The one thing I love about Bad Company are the destructible environments, which really change the way you have to think and even play the game. I’ve been crouched in the corner of an abandoned house trying to heal myself when a tank blows the entire side of the house off. I’ve been in the attic trying to snipe at soldiers when some guy with an RPG blows the roof off. Of course it works both ways. I’ve found myself waiting for a guy to peek his head over the window sill so I can shoot him then I remember my machine gun doubles as a grenade launcher, so I blow the wall and the window away leaving him totally exposed. There is very little in this game that provides solid cover, so you must always remain mobile. It makes for a very intense and fast-paced game.
There are dozens of weapons with models from various countries. You’ll probably settle on a few favorites. I typically used the “flavor of the area”, which is basically whatever the enemy is using because that offers the most ammo. The first time you come across a new weapon type it counts as a Collectible and there are dozens of these weapons scattered about the game, sometimes marked with an X, but more often recovered from a specific fallen enemy.
You can equip two weapons and two items at a time, although one item is always your health injector so you really can only carry one extra tool, which presents some anguishing moments during the game. Do you carry that power-tool that will heal your busted ride or bring along the RPG or laser guidance system. Speaking of laser guidance, this has to be the coolest thing ever in a military game. You basically use these binoculars to focus on an armored target and wait for the lock, then the view switches to high above and you literally get to guide a missile down on your target. Awesome!
I found only one questionable game design choice and that was the death and respawn system. If you die you are given the choice to restart the entire level or start from the last checkpoint. The odd thing here is that checkpoints are merely a location marker and not a status marker. This means that anything you've killed or blew-up after the checkpoint and before you died is still gone and you are back to full health. This definitely takes the edge off the gameplay knowing that death has no real repercussions, and that you can even abuse the system.
For as much fun as Bad Company is playing alone, things get exponentially better when you take the battle online. Sadly, there is no co-op feature for the campaign. It would have been nice to play out the story with a real person playing as each member of your unit, or even forego the story and just let you play those 7 chapters cooperatively. But despite the lack of co-op, Bad Company ramps up the online gameplay with support for up to 24 soldiers in some of the best battles you’re likely to play this year.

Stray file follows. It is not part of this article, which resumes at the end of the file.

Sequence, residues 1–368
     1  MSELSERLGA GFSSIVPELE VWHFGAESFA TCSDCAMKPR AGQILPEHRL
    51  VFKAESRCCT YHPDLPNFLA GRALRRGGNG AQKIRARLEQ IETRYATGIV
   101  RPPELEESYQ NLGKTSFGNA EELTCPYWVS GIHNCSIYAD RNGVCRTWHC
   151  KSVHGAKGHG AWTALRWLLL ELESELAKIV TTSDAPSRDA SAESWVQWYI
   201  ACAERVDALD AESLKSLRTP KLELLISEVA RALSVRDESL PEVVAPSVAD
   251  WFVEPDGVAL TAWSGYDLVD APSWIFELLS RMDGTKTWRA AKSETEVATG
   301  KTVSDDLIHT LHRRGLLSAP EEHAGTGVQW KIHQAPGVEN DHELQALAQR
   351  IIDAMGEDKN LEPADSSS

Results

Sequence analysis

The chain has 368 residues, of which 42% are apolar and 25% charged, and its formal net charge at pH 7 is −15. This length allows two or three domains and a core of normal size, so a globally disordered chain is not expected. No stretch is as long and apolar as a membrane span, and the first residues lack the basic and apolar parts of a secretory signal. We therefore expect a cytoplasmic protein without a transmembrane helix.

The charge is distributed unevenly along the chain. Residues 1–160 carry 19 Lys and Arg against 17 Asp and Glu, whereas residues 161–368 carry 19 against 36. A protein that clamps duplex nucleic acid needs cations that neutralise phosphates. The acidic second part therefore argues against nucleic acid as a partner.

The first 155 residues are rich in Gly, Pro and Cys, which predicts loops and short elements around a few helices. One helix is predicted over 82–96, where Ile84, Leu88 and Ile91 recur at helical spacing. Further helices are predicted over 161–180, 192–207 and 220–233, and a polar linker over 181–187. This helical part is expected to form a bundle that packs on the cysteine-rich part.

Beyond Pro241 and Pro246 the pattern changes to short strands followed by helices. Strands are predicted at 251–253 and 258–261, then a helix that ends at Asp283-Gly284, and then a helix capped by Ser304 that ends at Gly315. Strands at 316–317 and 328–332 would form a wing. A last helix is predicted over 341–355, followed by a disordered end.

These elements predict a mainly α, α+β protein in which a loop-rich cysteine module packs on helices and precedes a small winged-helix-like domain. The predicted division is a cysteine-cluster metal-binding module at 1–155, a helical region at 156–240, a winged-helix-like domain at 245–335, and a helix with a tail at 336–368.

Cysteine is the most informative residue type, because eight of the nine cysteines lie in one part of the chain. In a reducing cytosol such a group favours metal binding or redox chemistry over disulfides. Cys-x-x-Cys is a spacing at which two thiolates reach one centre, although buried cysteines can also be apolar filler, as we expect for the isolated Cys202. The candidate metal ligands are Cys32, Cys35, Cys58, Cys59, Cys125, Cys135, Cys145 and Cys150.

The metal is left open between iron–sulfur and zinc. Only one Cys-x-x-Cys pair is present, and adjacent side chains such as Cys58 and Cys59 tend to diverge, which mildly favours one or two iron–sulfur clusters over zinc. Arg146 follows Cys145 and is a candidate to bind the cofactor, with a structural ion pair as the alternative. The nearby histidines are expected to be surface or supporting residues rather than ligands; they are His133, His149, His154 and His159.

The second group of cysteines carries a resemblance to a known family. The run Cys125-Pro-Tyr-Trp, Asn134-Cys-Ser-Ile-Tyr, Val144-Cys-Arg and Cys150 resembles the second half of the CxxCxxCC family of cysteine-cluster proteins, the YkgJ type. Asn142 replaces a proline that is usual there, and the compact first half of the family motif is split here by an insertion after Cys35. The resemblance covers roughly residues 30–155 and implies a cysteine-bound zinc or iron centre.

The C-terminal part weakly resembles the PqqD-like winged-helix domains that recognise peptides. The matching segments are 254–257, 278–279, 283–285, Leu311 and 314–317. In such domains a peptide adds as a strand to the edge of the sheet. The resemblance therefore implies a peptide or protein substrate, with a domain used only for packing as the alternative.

While Preston was a jack-of-all-classes in the solo game, you’ll actually get to pick from one of five extremely balanced soldier classes (or “kits”), each with their own set of weapons and tools. You can then play ranked and unranked battles on 8 awesome maps, each designed around specific strategies and carefully chosen vehicles.
New to the online modes is the objective-based Gold Rush that has Attackers trying to destroy all the gold crates on a level in pairs, while the Defenders try to stop them. For each pair of gold crates the Attackers destroy, they will advance to the next base and earn extra lives.
Online multiplayer features an interesting unlock system whereby you earn XP as you rank-up, thus earning you new weapons and items. Even items as simple as the health injector must be earned. For those who have played Call of Duty 4’s multiplayer, you’ll know what to expect. There is also a nice pop-up award system that highlights your achievements on the battlefield.
While the entire online experience is great fun and a very rewarding experience, it probably isn’t as deep as other online games like Call of Duty 4 or even the more strategic games like Rainbow Six Vegas. But if you are looking for a fantastically fun online battle game, Bad Company sets a pretty high standard.
I was blown away by the graphics in Bad Company. They still pale in comparison to the photo-realism of Call of Duty 4, but for sheer scale, detail, textures, and color, the Battlefield series has never looked this good. First and foremost, the levels are epic in size. It’s one of those situations where, if you can see it, you can go there, at least when it’s not shaded red indicating an enemy artillery zone. As objectives are ticked off the levels open up with new areas and you are generally free to backtrack and explore.